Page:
Good call on the dividend tax break

Matthew Hoy
By Matthew Hoy on January 9, 2003

It turns out that the Bush administration has preempted one of the Democrats methods of attack for the tax cut package. According to a New York Times News Service report, if a company pays no federal taxes, then it cannot pass on tax-free dividends to its shareholders.

Companies with losses or those that use various techniques that eliminate taxable income will find they have no tax-free dividends to hand out.

For the first time, in other words, companies that pay federal income taxes will seem more attractive to investors than those that find ways to avoid paying the taxes.

"There is less pressure on the company to shelter its income, because it will inhibit its ability to pay out dividends without tax," said Pam Olson, the assistant Treasury secretary for tax policy.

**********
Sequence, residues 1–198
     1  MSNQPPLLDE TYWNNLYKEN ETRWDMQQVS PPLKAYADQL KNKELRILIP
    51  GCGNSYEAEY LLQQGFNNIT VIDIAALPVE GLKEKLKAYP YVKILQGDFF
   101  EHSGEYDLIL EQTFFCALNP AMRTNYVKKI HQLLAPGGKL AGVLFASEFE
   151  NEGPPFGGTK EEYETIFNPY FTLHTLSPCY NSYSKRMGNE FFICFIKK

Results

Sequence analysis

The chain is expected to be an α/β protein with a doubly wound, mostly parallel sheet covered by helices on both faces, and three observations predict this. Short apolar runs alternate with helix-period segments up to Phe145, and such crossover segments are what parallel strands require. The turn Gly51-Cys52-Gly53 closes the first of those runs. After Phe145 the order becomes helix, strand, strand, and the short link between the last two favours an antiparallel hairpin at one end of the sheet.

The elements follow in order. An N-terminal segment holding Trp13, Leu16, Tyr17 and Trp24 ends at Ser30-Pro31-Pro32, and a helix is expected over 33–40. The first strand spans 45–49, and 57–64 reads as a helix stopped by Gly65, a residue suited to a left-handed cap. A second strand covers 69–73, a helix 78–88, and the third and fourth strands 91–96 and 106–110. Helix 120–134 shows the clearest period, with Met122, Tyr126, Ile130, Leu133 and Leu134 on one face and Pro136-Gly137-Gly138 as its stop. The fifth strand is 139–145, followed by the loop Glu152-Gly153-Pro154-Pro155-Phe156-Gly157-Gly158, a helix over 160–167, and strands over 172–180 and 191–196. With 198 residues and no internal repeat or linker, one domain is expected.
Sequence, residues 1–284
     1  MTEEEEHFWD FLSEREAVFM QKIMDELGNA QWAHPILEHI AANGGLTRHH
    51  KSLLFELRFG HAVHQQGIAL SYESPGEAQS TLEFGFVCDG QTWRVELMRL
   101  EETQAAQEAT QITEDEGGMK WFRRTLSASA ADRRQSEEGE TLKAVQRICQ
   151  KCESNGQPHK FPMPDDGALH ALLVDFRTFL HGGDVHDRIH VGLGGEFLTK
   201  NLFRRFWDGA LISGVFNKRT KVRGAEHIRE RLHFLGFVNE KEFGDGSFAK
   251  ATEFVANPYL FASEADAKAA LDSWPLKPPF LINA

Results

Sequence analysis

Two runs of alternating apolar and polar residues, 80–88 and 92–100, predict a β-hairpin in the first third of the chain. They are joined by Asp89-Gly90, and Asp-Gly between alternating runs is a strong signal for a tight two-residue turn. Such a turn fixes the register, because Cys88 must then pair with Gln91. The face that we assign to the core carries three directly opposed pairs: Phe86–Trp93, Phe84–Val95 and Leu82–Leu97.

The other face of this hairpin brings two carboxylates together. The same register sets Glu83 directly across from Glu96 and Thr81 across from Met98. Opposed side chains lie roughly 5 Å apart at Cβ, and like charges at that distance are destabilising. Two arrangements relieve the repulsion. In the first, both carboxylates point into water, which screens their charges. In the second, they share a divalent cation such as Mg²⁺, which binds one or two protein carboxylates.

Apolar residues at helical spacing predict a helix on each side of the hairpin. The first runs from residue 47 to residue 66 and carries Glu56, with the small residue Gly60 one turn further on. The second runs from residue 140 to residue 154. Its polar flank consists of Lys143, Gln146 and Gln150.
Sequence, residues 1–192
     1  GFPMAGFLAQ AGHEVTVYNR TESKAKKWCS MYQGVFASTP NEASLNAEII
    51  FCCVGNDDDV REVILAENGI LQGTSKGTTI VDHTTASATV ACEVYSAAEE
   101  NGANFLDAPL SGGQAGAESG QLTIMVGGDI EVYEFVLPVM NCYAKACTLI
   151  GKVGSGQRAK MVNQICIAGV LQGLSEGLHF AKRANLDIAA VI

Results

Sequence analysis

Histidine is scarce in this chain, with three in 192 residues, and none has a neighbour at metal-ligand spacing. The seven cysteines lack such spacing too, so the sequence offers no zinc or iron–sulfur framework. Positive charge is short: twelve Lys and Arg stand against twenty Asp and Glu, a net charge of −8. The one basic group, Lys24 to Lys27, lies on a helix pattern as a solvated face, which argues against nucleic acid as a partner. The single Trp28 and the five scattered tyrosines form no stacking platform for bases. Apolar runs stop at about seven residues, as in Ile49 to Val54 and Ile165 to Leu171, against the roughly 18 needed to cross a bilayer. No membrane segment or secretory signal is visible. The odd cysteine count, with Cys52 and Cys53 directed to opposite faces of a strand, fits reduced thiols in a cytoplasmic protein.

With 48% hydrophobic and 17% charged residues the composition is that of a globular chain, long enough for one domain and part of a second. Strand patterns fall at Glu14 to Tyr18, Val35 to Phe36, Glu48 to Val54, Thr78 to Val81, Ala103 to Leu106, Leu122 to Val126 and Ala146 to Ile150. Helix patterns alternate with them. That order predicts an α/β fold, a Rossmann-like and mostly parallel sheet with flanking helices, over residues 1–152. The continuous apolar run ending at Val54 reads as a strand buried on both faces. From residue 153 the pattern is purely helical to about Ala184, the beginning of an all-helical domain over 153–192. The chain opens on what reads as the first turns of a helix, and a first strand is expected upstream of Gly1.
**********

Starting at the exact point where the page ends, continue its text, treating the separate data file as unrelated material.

The president's plan also came up with a way for shareholders of profitable, tax-paying companies to get a break even if the companies decide to distribute little or no cash in dividend payments.

Companies that choose to reinvest in their businesses rather than pay dividends will pass on to their shareholders a tax break that will reduce the capital gain they report when they sell their stock.

That twist, not widely understood when the plan's details were first disclosed, means that the tax bill may benefit holders of new-economy companies such as Microsoft that pay no dividends, as well as owners of old-economy companies such as General Motors that do pay them.

This is an excellent help to the struggling stock market! Hopefully this aspect will get some good play in the national media and the news networks. Though, I'm not going to hold my breath.

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